Taja Prince is a sophomore, student-athlete at Morningside College. Taja was a 2014 graduate from Westside High School in Omaha, Nebraska where she resided with her family consisting of her parents, brother, and sister. She was born on October 2, 1996 and is the youngest child of the family.
At Morningside College, Taja is majoring in graphic design and advertising; she is a sprinter for the Women’s Track and Field team and enjoys running the 100m and 200m. This year she resides on campus in the newly renovated Dimmitt Hall and in her free time she enjoys listening to R&B and hip-hop music and watching the television shows Walking Dead and That 70’s show. Taja also works on campus, in the Morningside College bookstore! She is going to graduate from Morningside College in 2018 and would like to work and live in Colorado.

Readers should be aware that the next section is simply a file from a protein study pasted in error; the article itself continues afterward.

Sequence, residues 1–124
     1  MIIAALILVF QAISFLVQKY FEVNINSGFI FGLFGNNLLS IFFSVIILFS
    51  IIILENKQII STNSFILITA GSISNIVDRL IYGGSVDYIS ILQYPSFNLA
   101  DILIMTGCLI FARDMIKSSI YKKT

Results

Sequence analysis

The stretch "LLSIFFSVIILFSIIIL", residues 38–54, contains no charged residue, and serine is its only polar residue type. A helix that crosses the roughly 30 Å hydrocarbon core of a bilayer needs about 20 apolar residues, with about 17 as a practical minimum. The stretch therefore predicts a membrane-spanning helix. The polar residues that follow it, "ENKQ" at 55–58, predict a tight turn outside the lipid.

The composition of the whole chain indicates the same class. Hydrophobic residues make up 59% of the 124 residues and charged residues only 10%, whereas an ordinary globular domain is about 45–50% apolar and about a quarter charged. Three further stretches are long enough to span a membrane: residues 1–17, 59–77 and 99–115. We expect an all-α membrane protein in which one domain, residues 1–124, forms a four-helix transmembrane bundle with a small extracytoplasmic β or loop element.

What’s your definition of objectivity? Why be objective? How do you do it?
In the articles we read for class, my interpretation of objectivity is defined as covering news without conveying my own thoughts and feelings. Objectivity is used to prevent bias opinions in writing. To be objective, you must be fair. Fairness means covering both sides of a story, regardless of your opinion.
According to Merriam-Webster, the definition of obsolete is something that is no longer used because something else exists. I do believe with the changing times, journalism is being transformed. However, as stated in Matthew Ingram’s post, news comes in different forms. Myself, I read the Sioux City Journal daily…on my cell-phone. Others may get their news sources through scrolling on Twitter or Facebook.
As social media develops, I think journalism will become obsolete in different forms. By this, I don’t think newspapers will be selling straight off the shelf like they did before. If everyone can access news from their computer, phone, or television screen what is the point?